The proportion of university graduates in Singapore who found permanent full-time employment six months after their final exams dropped by slightly more than 10 per cent in 2020, amid the COVID-19 pandemic. The annual Joint Autonomous Universities Graduate Employment Survey found that 69.8 per cent of fresh graduates found permanent full-time jobs last year, down from 81.7 per cent in 2019.

The survey polled 11,800 fresh graduates from full-time programmes at Nanyang Technological University (NTU), National University of Singapore (NUS), Singapore Management University (SMU) and the Singapore University of Social Sciences (SUSS). The graduates were surveyed on their employment status as at Nov 1, 2020, about six months after they completed their final examinations.

“The six AUs (autonomous universities) have stepped up efforts to support their graduates amidst the COVID-19 pandemic,” said the universities in a joint press release on Friday (Feb 19).

“On top of providing extensive career guidance and support which includes job matching, personalised career coaching and planning, and complimentary continuing education and training courses, the AUs have also tapped on their network of industry partners to curate suitable job placement and apprenticeship opportunities for graduates, such as the SGUnited Traineeships.”

Of the graduates who found employment, the percentage of those in part-time or temporary jobs rose sharply from 7 per cent to 22.3 per cent, the survey showed. Graduates on the SGUnited Traineeships Programme made up 16.9 percentage points of this figure. About half of this group said they were in involuntary part-time or temporary employment, a sharp increase from the more than one-third of this group in 2019, the survey showed. About 1.5 per cent of graduates found freelance work, down from 2 per cent in 2019.

Overall, 93.6 per cent of graduates found employment within six months of completing their final examinations, up from 90.7 per cent in 2019. The median gross monthly salary among fresh graduates in permanent full-time jobs was S$3,700, up from S$3,600 in 2019, said the universities in the press release.

Similar to 2019, graduates from information and digital technologies, health sciences and business clusters registered the highest percentages of permanent full-time employment, the survey showed. Most clusters saw no change in median gross monthly salaries, but those in arts, design and media, engineering, and information and digital technologies saw increases of S$100, S$150 and S$360 respectively in 2020.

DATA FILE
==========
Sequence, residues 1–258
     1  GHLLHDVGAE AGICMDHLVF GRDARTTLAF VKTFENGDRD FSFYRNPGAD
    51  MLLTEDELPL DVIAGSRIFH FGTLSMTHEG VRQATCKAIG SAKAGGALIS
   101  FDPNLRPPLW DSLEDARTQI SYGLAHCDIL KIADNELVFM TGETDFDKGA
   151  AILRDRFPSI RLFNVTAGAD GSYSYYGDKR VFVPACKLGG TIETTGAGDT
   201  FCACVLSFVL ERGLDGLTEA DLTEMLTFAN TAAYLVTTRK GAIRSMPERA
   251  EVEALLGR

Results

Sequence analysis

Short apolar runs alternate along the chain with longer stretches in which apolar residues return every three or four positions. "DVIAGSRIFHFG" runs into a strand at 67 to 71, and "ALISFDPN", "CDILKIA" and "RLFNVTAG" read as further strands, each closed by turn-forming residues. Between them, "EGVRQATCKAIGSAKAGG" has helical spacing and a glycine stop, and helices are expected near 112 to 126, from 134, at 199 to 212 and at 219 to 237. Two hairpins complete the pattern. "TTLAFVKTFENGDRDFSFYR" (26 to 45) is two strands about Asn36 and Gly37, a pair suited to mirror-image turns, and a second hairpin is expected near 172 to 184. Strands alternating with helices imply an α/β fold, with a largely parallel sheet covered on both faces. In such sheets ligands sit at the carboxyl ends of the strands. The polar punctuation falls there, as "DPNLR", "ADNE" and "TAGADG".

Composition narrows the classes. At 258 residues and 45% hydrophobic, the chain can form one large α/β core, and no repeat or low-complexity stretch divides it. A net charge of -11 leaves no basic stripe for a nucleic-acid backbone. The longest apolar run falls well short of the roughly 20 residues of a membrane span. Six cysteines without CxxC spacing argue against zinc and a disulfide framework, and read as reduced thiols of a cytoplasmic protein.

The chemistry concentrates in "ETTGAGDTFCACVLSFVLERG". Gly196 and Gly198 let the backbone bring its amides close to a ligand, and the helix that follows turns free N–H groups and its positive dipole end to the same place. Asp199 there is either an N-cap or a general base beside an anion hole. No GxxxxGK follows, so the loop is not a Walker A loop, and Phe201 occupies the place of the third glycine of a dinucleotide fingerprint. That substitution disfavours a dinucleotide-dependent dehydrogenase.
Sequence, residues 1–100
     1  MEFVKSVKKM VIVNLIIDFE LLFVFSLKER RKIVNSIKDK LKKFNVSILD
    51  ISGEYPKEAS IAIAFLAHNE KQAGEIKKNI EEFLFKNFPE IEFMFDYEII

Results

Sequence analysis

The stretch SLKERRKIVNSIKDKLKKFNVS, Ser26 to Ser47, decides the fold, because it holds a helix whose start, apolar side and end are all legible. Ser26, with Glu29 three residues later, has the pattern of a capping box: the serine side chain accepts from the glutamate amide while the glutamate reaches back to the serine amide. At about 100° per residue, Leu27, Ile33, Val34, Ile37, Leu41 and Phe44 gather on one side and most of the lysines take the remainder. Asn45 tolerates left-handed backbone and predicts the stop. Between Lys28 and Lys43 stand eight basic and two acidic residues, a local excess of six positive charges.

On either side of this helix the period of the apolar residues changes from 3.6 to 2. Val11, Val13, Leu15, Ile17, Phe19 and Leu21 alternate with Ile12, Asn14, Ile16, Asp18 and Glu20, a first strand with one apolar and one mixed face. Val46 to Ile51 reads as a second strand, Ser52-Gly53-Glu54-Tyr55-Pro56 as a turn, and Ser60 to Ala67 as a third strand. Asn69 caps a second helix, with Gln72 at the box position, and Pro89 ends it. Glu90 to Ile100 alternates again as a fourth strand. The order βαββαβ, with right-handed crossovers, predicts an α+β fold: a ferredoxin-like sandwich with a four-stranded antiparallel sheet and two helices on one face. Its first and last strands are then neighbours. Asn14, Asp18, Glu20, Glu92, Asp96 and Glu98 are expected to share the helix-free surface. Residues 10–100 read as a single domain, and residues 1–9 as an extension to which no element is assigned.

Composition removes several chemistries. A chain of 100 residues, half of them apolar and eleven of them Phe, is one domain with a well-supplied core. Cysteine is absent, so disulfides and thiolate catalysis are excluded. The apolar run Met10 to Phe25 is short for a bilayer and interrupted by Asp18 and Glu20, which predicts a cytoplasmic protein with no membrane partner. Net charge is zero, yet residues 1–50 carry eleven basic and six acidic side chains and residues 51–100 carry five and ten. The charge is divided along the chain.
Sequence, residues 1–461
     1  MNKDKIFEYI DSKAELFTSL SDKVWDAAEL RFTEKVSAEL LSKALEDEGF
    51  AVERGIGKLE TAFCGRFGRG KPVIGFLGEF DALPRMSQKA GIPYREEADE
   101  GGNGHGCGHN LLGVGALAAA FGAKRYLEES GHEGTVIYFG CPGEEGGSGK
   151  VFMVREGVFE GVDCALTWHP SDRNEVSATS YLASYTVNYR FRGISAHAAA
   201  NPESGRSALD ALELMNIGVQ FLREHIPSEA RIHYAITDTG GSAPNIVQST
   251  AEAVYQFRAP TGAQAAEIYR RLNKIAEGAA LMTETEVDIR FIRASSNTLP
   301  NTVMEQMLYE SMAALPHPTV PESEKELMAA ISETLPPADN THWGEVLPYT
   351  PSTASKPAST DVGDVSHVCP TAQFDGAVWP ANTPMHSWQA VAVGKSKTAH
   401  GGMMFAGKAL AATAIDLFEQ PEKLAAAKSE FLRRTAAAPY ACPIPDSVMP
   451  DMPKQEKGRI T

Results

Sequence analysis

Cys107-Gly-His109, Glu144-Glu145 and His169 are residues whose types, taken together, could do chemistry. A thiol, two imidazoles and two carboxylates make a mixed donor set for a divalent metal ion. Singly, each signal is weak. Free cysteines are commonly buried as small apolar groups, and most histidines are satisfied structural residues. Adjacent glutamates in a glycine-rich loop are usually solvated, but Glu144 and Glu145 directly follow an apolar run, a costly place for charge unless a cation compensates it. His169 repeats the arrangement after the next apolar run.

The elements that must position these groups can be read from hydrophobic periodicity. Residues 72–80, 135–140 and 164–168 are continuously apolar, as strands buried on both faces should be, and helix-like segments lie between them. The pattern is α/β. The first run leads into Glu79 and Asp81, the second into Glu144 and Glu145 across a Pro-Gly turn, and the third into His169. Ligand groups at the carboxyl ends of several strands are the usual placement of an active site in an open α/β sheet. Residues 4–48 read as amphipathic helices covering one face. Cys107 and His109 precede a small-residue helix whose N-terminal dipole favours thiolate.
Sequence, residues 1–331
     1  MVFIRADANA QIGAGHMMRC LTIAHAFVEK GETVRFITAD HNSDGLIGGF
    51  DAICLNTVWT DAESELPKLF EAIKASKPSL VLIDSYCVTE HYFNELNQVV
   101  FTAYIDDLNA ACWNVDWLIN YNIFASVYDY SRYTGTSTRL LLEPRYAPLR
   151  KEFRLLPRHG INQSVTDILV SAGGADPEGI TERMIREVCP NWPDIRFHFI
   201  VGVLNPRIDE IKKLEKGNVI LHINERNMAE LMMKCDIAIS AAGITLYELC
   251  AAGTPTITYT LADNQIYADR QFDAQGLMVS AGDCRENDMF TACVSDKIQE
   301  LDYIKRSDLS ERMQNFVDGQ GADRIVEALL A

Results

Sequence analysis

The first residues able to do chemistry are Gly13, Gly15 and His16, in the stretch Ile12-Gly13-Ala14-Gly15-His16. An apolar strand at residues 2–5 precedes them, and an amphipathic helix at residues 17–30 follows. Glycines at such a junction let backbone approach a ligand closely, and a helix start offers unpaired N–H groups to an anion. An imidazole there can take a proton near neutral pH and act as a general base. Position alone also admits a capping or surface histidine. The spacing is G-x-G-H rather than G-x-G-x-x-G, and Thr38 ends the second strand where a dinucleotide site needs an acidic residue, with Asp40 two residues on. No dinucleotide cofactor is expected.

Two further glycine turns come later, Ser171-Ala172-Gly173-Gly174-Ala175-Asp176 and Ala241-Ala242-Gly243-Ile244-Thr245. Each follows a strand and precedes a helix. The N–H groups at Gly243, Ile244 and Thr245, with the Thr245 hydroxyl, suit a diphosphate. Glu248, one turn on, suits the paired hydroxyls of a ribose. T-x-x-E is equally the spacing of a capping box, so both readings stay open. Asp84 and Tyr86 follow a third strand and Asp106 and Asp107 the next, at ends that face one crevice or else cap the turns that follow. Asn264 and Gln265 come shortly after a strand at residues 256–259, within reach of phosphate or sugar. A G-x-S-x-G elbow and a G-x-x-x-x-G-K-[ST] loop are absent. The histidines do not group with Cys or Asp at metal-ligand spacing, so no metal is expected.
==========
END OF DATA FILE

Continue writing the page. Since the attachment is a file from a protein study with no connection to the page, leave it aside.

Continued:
In a follow up survey, 827 graduates from NUS, NTU and SMU were surveyed on their employment status on Nov 1, 2020. This was conducted for courses that typically require post-graduate practical training before the graduates can practise in their professions. The graduates polled were from the Architecture class of 2017, and the biomedical sciences and Chinese medicine, law, medicine, and pharmacy courses who finished their first year of training upon graduation in 2019.

Of those who were employed, 96.8 per cent had jobs after completing their training last year, a slight decrease from 98.6 per cent in 2019, the survey showed. 93.5 per cent of those employed had secured permanent full-time jobs, a slight decrease from 96.4 per cent in 2019. Another 0.3 per cent were freelancing, compared to 0.6 per cent the previous year.

The proportion of those in part-time or temporary employment also increased to 3 per cent, up from 1.6 per cent in 2019. Graduates under the SGUnited Traineeship Programme made up 1.3 percentage points of this figure, said the universities in the press release. Of those in part-time or temporary employment, slightly more than half said this was involuntary. The median gross monthly salary of those who found permanent full-time jobs in this group dropped from S$4,800 in 2019 to S$4,625 in 2020.


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